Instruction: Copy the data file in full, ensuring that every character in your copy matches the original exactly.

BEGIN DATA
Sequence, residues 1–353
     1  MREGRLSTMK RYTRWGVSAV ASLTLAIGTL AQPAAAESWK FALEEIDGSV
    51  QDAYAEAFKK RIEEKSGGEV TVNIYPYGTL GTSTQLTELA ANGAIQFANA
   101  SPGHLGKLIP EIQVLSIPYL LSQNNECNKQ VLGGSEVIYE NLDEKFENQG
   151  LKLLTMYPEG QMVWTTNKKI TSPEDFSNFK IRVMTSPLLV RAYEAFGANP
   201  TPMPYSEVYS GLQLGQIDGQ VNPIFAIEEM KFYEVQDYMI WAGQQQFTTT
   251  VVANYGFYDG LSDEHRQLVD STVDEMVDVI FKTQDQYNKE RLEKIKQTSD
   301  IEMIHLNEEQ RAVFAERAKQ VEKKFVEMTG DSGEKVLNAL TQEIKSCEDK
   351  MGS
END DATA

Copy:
Sequence, residues 1–353
     1  MREGRLSTMK RYTRWGVSAV ASLTLAIGTL AQPAAAESWK FALEEIDGSV
    51  QDAYAEAFKK RIEEKSGGEV TVNIYPYGTL GTSTQLTELA ANGAIQFANA
   101  SPGHLGKLIP EIQVLSIPYL LSQNNECNKQ VLGGSEVIYE NLDEKFENQG
   151  LKLLTMYPEG QMVWTTNKKI TSPEDFSNFK IRVMTSPLLV RAYEAFGANP
   201  TPMPYSEVYS GLQLGQIDGQ VNPIFAIEEM KFYEVQDYMI WAGQQQFTTT
   251  VVANYGFYDG LSDEHRQLVD STVDEMVDVI FKTQDQYNKE RLEKIKQTSD
   301  IEMIHLNEEQ RAVFAERAKQ VEKKFVEMTG DSGEKVLNAL TQEIKSCEDK
   351  MGS